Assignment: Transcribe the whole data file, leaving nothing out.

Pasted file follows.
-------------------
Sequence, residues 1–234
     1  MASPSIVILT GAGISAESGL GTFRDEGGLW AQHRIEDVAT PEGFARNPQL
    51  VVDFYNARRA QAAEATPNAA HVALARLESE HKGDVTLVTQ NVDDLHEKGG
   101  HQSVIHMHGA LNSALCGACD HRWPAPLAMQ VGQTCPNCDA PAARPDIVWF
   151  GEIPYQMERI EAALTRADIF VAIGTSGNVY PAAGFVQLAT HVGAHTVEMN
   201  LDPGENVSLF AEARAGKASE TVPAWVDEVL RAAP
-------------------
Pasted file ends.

Sequence, residues 1–234
     1  MASPSIVILT GAGISAESGL GTFRDEGGLW AQHRIEDVAT PEGFARNPQL
    51  VVDFYNARRA QAAEATPNAA HVALARLESE HKGDVTLVTQ NVDDLHEKGG
   101  HQSVIHMHGA LNSALCGACD HRWPAPLAMQ VGQTCPNCDA PAARPDIVWF
   151  GEIPYQMERI EAALTRADIF VAIGTSGNVY PAAGFVQLAT HVGAHTVEMN
   201  LDPGENVSLF AEARAGKASE TVPAWVDEVL RAAP